When a windstorm blows, roots are strained and grass wilts. Most non-governmental organizations (NGOs) are caught between uplifting gusts of funding and the anchoring tug of their own ideals and those of the people they serve.
Few NGOs in poor countries rely on local member contributions. When foreign funding comes, do they lose their ties to the marginalized communities they serve, causing their vision of social change to wither and die out?
In 2009, I did field research in Nicaragua to find out. As a fellow for an aid efficacy organization, Beyond Good Intentions, I sought to find and profile innovative NGOs working for social change.
I was optimistic. After all, Nicaragua was the international symbol of grassroots mobilization after the Sandinista revolution in 1979. I interviewed almost 60 NGO staff, volunteers and recipients in 16 local NGOs.
Unfortunately, I found that times have changed. Today, foreign-funded NGOs give their opinions on policy issues almost daily in the media. Membership organizations -- sustained mainly by member contributions -- are practically nonexistent and voiceless nationally.
Why does it matter whether NGOs or membership organizations take the national stage?
To understand, picture the world through an NGO director's eyes. Without grants, your staff goes without pay. You have principles, but it's no secret that these are flexible. You are passionate about the poor and marginalized you serve, but they have no vote in the boardroom. When you take funding, every problem you address must fit with the donor's ever-changing priorities, have a solution with quantifiable results, and be solvable within the 2 to 5-year project cycle.
Yet real social justice for those without power is rarely a priority for those donors with power. Worse, it is hard to quantify and it takes generations to achieve.
So, should we be limited to the possibilities imagined by a donor -- or NGO -- in a boardroom? I think not.
Nicaragua presents a paradox. NGOs have been largely unable to stem the broader political-economic hurricane that has ravaged the country since 1990. In a society once shaken by grassroots mobilization many people remain complacent in the face of suffering.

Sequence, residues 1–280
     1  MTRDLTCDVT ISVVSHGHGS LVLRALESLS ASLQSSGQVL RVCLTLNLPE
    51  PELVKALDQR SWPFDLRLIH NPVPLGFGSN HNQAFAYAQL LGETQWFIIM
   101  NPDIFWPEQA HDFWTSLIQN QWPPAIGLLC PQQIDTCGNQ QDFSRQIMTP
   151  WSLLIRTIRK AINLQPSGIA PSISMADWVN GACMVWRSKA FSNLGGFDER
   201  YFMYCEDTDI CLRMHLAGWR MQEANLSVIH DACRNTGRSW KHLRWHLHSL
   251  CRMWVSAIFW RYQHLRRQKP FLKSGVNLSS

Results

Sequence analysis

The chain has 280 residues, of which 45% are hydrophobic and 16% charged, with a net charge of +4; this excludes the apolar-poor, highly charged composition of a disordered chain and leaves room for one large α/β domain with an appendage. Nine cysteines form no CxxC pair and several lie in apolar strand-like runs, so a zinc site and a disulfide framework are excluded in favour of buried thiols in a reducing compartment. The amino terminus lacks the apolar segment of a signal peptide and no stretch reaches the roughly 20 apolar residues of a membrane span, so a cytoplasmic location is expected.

In 1990, the new government slashed Sandinista-era state social welfare in favor of free market reforms. Donors moved funding from the state to NGOs. A non-native species, NGOs have only proliferated since. Meanwhile, grassroots membership organizations have gone fallow as they tried to compete.
Inequality and poverty skyrocketed after 1990 and have remained incredibly high. The World Bank estimates that the richest 10 percent of Nicaraguans own 41 percent of the wealth, and the poorest 10 percent own only 1.4 percent.
Despite this injustice, public apathy was the most common concern among NGO staff I interviewed. Public opinion studies only confirm this sentiment. They show a dramatic and steady decline in public engagement in organizations (of all types) since 1990.
While NGOs may not have been the initial cause, they have been instrumental in reinforcing passivity. There are two mechanisms at work here: NGOs substitute the state and crowd out membership organizations.
NGO staff rail against cuts to state social welfare services. Yet they invariably scurry to collect the morsels of funding from donors to provide a scattered set of services to compensate. Nicaraguans now have a choice: organize for a better future or go to an NGO for a better present?
At the same time, NGOs have crowded out membership organizations. Organizers are given a choice. They must decide whether to organize on a shoestring for uncertain benefits tomorrow or volunteer with an NGO and implement projects for their community today.
Given the choices, it should not come as a shock that grassroots organizers now talk in terms of foreign funding and projects. They rally their community for projects, workshops and marches planned in NGO offices. They have become NGO project delivery systems. Citizens dismiss the government as a lost cause and go to NGOs. The status quo remains constant.
How can we change this? For short-term needs, we can encourage NGOs to actively enhance government services, rather than substituting them. Health Alliance International, in our backyard, is a fine example. More fundamentally, we can push NGOs to become formally accountable to membership organizations that are firmly planted in local communities. The Zapatista movement in Mexico has pioneered this approach.
To be sure, membership organizations have their problems too. They often lack professional skills and capacities. Yet they more than compensate with a vision, stamina, and urgency for change that only those weathering the day-to-day effects of injustice can muster.
However, the expertise of NGOs can benefit membership organizations. Who else would analyze the effects of the Central America Free Trade Agreement's (CAFTA) "free trade" on Nicaragua? Nevertheless, NGOs have been unable to propose real alternatives to the failed political-economic model in Nicaragua because they fear losing funding.
A few thousand professionals can never compare to the strength and vision of an organized public, in Nicaragua or elsewhere. If we encourage NGOs to be accountable to membership organizations, we can perk up drooping civil societies with fresh, nourishing ideas and the energy of millions.